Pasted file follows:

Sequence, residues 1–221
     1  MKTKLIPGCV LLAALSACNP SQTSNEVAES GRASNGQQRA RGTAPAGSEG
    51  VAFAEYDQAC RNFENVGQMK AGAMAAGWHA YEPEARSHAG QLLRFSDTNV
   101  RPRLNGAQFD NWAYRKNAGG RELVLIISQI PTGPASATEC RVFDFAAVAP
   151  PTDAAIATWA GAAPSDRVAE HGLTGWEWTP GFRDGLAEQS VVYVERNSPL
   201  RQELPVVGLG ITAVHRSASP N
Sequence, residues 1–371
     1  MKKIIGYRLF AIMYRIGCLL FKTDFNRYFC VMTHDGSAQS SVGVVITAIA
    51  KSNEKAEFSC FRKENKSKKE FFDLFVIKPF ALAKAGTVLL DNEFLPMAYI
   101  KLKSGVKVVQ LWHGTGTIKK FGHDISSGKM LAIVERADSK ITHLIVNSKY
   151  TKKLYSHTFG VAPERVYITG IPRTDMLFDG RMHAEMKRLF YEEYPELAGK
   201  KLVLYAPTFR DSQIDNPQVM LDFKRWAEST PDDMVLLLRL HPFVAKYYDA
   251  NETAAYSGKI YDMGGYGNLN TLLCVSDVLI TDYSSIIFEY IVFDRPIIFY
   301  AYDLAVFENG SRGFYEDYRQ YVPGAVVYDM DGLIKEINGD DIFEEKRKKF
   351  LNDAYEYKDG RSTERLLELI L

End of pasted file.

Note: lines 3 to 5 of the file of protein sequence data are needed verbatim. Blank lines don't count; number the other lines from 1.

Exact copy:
    51  VAFAEYDQAC RNFENVGQMK AGAMAAGWHA YEPEARSHAG QLLRFSDTNV
   101  RPRLNGAQFD NWAYRKNAGG RELVLIISQI PTGPASATEC RVFDFAAVAP
   151  PTDAAIATWA GAAPSDRVAE HGLTGWEWTP GFRDGLAEQS VVYVERNSPL